You are currently viewing Why Black History Matters

Why Black History Matters

My 10-year old son and I are active members in our church; he serves by lighting the candles on the altar and I help to lead the children’s ministry. Because this congregation is historically Black, our culture and heritage are naturally woven into the fabric of our worship service. However, in February there is traditionally a Black history program and soul food celebration on the last Sunday of the month.

During the planning phase, the youth are asked to consider a historical figure they would like to share and celebrate with the congregation. My son suggested Rev. Dr. Martin Luther King Jr., to which I objected. Although he is a pillar of the Civil Rights movement, I prodded, “Can you think of anyone else?” 

Our exchange got me thinking about the complexity of what it means to be black in America. There is such a richness and depth to who we are as African American people, yet our stories are marginalized. Our history is being revised.

As one 2023 EdWeek article explains, “In U.S. schools, Black history is often flattened to focus primarily on enslavement, the civil rights movement, and, more recently, the election of President Barack Obama. Elementary schools tend to elevate the lives of well-known individual Black historical giants…while ignoring myriad other Black people—lesser known, unsung heroes—who have worked for racial justice.”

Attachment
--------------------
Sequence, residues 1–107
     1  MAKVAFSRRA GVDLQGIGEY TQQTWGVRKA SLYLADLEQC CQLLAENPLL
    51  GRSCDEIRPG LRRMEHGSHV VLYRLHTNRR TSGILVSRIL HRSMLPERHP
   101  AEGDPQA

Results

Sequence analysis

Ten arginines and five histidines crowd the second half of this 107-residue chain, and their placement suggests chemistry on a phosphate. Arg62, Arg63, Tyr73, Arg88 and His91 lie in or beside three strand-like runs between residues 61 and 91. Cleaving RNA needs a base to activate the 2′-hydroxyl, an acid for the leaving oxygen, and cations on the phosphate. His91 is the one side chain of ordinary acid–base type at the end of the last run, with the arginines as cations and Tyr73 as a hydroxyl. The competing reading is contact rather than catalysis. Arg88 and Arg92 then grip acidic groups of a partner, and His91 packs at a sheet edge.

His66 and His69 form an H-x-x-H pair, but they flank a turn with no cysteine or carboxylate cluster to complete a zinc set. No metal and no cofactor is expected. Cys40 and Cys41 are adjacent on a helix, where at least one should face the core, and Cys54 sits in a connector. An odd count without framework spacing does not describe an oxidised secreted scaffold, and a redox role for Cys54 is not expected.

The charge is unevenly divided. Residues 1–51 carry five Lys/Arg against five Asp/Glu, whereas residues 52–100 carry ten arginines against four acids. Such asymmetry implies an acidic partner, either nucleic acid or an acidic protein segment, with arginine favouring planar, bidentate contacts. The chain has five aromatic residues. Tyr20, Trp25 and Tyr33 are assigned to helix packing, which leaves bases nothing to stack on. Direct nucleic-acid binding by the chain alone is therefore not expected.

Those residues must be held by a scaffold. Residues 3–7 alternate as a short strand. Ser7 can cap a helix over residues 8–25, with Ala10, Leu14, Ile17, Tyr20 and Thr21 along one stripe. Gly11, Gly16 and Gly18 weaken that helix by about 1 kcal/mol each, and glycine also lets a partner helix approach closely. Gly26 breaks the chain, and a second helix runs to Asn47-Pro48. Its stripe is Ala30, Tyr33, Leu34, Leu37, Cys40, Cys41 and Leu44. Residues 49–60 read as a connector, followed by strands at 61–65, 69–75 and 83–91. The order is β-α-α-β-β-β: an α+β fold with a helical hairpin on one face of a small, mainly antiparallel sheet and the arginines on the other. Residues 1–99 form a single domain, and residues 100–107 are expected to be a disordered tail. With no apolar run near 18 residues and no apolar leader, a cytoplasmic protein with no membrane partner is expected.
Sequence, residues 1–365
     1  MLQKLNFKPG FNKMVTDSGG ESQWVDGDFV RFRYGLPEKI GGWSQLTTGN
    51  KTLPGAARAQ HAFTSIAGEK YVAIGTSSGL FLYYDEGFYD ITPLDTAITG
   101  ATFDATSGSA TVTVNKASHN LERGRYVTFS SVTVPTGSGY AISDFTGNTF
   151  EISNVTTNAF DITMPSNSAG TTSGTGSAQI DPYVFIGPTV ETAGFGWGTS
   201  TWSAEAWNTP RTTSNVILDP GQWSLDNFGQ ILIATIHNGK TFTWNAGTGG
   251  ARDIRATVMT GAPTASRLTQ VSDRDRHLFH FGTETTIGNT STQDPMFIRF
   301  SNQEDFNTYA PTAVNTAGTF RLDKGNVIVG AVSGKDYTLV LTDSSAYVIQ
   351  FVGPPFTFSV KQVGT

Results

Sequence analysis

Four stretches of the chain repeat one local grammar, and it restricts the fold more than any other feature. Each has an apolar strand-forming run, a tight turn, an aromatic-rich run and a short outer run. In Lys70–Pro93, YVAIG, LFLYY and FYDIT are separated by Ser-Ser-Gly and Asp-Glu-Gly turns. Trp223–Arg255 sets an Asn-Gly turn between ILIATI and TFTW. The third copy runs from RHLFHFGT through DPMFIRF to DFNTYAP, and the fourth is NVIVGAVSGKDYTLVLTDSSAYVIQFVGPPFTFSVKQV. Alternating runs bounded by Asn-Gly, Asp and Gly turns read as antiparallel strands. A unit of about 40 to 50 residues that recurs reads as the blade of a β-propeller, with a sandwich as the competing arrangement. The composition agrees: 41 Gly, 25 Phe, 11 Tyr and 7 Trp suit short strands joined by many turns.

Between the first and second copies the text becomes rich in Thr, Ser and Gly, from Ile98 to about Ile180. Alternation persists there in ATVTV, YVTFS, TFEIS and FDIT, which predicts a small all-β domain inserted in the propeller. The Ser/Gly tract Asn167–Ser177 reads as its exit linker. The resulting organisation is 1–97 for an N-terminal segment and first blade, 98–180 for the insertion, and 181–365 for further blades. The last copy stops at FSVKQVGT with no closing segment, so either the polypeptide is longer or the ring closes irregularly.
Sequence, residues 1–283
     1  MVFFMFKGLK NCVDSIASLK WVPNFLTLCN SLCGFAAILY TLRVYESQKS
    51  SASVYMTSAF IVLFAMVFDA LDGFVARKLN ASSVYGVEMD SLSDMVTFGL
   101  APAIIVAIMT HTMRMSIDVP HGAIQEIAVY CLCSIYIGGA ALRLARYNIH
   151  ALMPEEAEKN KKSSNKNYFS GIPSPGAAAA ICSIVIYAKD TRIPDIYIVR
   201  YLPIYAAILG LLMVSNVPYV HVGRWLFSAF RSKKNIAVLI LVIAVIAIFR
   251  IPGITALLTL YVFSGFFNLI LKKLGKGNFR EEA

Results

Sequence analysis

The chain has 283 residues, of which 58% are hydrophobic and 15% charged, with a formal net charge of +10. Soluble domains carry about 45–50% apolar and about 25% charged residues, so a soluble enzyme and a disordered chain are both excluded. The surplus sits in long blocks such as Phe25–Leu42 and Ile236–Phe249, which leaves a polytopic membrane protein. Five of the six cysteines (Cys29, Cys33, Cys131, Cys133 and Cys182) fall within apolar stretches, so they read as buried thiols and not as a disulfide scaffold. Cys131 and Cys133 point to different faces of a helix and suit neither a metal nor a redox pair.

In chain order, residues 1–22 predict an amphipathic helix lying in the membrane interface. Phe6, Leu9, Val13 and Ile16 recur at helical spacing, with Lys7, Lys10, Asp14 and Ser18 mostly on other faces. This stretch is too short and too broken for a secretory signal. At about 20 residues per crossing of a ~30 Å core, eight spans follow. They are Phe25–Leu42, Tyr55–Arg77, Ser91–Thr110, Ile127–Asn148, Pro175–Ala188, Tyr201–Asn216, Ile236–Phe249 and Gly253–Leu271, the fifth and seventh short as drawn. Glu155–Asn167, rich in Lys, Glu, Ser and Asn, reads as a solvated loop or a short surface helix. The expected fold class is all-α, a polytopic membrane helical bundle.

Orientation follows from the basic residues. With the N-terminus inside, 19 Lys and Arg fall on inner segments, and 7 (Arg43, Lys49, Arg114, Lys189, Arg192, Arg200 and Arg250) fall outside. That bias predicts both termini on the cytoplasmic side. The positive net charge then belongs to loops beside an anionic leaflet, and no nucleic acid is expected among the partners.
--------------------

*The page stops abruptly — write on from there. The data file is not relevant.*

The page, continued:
I pleaded, “Can you think of anyone else?” I was quizzing his cumulative knowledge of the books we’ve read, the museums we’ve visited, the community presentations we’ve witnessed, and the documentaries I’ve called him to watch, all in an effort to learn about our history.

After some discussion about notable blacks in the field of aeronautics, such as Leland Melvin and Brigadier General Charles E. McGee, my son decided upon another figure who enjoys defying gravity and chasing speed: Wendell Scott, the first full-time black driver to win a NASCAR premier race in 1963! He was inducted into the NASCAR Hall of Fame posthumously in 2014, nearly 25 years after his death in 1990. Learn more by checking out this picture book about the life and times of Wendell Scott: Racing Against the Odds. Indeed, black history matters.

Photo: courtesy of NASCAR Archives & Research Center/ CQ-Roll Call Group via Getty Images.

Leave a Reply